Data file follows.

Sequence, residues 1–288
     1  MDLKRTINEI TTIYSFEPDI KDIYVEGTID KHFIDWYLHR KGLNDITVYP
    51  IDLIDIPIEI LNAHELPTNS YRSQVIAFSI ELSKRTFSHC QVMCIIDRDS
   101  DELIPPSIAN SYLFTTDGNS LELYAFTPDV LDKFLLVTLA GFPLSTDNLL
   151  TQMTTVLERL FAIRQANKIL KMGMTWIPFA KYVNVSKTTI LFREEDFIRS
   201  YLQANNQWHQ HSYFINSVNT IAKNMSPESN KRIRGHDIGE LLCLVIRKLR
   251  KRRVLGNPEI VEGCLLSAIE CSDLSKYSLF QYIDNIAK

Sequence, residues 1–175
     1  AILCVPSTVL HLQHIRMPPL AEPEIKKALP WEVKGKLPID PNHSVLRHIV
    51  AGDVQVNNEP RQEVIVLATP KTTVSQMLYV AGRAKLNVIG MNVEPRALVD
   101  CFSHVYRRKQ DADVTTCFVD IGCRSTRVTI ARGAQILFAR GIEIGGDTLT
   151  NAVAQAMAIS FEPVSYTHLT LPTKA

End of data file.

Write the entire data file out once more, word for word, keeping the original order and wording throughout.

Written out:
Sequence, residues 1–288
     1  MDLKRTINEI TTIYSFEPDI KDIYVEGTID KHFIDWYLHR KGLNDITVYP
    51  IDLIDIPIEI LNAHELPTNS YRSQVIAFSI ELSKRTFSHC QVMCIIDRDS
   101  DELIPPSIAN SYLFTTDGNS LELYAFTPDV LDKFLLVTLA GFPLSTDNLL
   151  TQMTTVLERL FAIRQANKIL KMGMTWIPFA KYVNVSKTTI LFREEDFIRS
   201  YLQANNQWHQ HSYFINSVNT IAKNMSPESN KRIRGHDIGE LLCLVIRKLR
   251  KRRVLGNPEI VEGCLLSAIE CSDLSKYSLF QYIDNIAK

Sequence, residues 1–175
     1  AILCVPSTVL HLQHIRMPPL AEPEIKKALP WEVKGKLPID PNHSVLRHIV
    51  AGDVQVNNEP RQEVIVLATP KTTVSQMLYV AGRAKLNVIG MNVEPRALVD
   101  CFSHVYRRKQ DADVTTCFVD IGCRSTRVTI ARGAQILFAR GIEIGGDTLT
   151  NAVAQAMAIS FEPVSYTHLT LPTKA